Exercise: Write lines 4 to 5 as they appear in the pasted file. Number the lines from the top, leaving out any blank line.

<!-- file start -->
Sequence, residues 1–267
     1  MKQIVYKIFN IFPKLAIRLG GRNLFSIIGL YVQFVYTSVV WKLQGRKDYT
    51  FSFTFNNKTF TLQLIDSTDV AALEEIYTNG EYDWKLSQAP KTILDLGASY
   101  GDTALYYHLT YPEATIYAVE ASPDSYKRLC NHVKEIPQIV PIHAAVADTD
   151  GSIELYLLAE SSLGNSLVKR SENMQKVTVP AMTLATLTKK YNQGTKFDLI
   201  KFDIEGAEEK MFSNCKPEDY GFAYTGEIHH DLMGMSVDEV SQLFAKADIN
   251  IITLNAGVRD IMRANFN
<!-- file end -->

   101  GDTALYYHLT YPEATIYAVE ASPDSYKRLC NHVKEIPQIV PIHAAVADTD
   151  GSIELYLLAE SSLGNSLVKR SENMQKVTVP AMTLATLTKK YNQGTKFDLI